The rectangular shape, clamping “ears” and spring-loaded back all work well. The cushions have a “carbon” finish.

The round aperture at the front takes up most of the space, and this is where the cushion/cuff slots in. When ordering, one can choose from two different sizes in order to cater for larger/average or smaller wristed watches/straps. I also noticed that the cushion – or rather the frame it is attached to, is rectangular, so only slots in one way (well two I suppose – up or down) and this differs from some where the frame is round and can go in at any point. There is a nice solid “click” when pushed in, and after having used quite a few times now with different watches, I feel that these design features result in a secure berth. Lastly on the front of the unit, and to the upper right, is a small green LED light that flashes when the winder is actually rotating.

Everything you need in one place and with clear labelling.

Moving to the rear, at the top is a battery compartment for two AA batteries. Under this is a metal plate that features two control knobs. The left one is for your chosen rotation direction – so, left, right or a both. The right hand knob offers five rotation speeds from 650 to 1950. The action of these has a reassuring feel. Outboard of the knobs on both sides are power sockets. The one on the left connects to the supplied mains charger (which also comes with foreign socket adapters), and the right one is for the provided “jump” or piggy-back lead to power a second winder.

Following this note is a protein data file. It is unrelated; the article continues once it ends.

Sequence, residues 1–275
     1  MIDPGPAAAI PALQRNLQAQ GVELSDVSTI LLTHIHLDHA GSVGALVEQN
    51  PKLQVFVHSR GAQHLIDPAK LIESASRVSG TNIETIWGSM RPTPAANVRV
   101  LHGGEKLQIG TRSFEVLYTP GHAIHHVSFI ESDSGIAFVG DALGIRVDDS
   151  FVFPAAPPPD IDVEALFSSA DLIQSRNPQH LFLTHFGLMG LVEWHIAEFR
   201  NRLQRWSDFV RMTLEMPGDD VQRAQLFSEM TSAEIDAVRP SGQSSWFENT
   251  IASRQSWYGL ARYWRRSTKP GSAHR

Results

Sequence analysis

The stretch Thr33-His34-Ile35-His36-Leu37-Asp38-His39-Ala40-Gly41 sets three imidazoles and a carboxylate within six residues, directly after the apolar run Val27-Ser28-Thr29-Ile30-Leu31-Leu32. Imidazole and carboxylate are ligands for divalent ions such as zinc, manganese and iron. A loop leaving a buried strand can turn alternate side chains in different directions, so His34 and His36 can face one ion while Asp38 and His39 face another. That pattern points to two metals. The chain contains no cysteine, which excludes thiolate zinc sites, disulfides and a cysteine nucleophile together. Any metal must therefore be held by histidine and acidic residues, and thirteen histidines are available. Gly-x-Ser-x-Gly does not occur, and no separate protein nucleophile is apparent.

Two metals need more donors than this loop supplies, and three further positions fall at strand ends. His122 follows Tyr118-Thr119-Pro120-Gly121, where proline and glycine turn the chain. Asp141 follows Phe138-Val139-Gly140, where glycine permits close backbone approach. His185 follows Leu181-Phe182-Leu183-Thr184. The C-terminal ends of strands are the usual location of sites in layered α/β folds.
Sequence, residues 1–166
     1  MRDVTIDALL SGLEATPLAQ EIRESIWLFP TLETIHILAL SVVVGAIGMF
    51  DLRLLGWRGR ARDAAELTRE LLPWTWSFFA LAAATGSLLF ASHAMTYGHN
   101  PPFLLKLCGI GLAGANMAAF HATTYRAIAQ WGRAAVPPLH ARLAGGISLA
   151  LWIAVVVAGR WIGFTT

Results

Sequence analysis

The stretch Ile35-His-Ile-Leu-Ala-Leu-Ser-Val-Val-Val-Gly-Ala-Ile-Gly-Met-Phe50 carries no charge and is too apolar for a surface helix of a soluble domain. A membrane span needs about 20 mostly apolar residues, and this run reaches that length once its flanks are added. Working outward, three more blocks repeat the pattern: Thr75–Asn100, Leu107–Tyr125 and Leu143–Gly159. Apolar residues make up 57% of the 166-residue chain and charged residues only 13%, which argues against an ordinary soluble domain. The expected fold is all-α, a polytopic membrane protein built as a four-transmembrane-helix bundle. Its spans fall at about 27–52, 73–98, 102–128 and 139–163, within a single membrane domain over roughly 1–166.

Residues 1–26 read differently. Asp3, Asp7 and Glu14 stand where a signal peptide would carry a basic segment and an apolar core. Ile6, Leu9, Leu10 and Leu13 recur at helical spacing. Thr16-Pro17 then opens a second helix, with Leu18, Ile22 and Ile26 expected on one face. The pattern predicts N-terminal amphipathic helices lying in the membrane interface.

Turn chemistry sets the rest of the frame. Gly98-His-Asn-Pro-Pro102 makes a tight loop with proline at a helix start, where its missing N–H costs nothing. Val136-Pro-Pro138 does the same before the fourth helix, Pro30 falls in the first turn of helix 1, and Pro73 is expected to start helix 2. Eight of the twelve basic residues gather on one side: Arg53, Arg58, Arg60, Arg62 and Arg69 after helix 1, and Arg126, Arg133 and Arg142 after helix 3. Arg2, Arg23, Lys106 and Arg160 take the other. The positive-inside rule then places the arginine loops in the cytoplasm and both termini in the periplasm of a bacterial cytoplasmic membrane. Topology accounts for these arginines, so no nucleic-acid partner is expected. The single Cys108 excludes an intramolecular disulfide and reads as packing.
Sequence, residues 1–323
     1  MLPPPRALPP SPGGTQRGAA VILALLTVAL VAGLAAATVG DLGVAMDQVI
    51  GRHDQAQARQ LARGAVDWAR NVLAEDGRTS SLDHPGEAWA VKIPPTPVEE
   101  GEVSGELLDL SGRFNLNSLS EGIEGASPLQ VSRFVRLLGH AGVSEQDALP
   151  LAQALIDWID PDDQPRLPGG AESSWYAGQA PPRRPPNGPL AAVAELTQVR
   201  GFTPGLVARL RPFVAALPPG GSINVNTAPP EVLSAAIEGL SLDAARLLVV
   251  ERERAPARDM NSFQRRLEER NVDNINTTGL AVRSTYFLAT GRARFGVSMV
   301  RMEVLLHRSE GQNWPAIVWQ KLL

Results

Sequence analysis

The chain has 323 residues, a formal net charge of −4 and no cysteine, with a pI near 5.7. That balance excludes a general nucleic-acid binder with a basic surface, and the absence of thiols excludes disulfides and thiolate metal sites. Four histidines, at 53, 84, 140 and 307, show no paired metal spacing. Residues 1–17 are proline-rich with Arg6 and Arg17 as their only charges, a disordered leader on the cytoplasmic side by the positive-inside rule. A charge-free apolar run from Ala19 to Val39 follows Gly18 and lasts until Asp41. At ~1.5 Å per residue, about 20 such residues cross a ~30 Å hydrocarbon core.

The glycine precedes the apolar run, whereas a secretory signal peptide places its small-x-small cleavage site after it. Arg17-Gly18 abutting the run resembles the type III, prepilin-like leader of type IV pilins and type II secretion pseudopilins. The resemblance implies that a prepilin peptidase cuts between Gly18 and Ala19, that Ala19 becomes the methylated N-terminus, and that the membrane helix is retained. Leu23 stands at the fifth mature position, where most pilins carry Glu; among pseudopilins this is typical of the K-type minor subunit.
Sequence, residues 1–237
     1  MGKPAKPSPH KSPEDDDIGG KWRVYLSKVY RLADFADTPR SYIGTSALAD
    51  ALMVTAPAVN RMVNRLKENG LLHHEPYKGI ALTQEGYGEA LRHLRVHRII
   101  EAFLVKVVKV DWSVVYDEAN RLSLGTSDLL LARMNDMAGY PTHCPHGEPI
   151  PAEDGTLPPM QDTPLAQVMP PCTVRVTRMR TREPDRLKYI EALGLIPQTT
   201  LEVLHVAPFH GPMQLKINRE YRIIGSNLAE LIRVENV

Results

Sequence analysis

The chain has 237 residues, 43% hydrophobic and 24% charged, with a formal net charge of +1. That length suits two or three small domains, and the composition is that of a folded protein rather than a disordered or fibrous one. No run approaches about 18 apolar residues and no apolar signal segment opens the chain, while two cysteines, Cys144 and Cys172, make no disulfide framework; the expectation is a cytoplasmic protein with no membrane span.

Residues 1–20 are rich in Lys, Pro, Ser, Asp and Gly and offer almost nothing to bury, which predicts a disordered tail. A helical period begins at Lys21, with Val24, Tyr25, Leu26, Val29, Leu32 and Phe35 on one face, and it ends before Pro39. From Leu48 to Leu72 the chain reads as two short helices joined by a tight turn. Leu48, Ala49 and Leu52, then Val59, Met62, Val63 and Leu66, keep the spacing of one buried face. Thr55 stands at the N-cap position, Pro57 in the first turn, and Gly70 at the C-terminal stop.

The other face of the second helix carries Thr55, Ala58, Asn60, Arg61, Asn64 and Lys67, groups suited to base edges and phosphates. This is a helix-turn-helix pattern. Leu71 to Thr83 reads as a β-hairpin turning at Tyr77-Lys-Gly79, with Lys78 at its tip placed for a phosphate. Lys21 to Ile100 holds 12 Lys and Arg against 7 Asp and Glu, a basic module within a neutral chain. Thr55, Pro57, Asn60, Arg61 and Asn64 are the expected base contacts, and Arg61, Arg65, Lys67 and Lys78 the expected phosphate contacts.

So, what is it like in action? Well, I had it up and running in about ten minutes and quite simply. If in doubt there are some instructions within the “jump” cable pouch – something I initially missed thinking it was just a backing card! However, the website does provide guidance too, along with information on the ideal rotation direction and speed for your particular watch – just insert the details and bingo!

Grande Seiko whirring away – hence a little blurring!

Moving on to the real action, I wanted to try a variety of watches – large, thin and heavy, plus some with visible power gauges. So firstly I inserted the watch that I was currently wearing (and super liking!) – a Grand Seiko Blue Snowflake, and off we went. Frankly, there is little to say, other than the motor – a Japanese Mabuchi unit (also used by Wolf. Ed) is very quiet and the rotations appeared to be what I set the machine to – although I am not sad enough to slavishly gawp at it for hours on end! I kept the watch on for a day at a moderate and multi-directional rotation and it was kept fully wound – as per the power reserve indicator at 10 o’clock.

Jaeger happily winding up – as per the “reserve de marche” indicator at 10.